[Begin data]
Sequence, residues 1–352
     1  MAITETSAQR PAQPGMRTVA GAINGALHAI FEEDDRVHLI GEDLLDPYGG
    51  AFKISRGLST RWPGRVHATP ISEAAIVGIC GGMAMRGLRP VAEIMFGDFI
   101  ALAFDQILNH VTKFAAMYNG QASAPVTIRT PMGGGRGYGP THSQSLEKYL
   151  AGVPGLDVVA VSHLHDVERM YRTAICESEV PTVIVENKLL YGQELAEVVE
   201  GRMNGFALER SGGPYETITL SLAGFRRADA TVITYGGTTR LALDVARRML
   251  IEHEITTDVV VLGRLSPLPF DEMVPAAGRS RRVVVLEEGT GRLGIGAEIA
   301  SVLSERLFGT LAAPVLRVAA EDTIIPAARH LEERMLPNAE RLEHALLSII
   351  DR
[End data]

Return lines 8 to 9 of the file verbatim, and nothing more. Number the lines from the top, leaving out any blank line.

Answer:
   301  SVLSERLFGT LAAPVLRVAA EDTIIPAARH LEERMLPNAE RLEHALLSII
   351  DR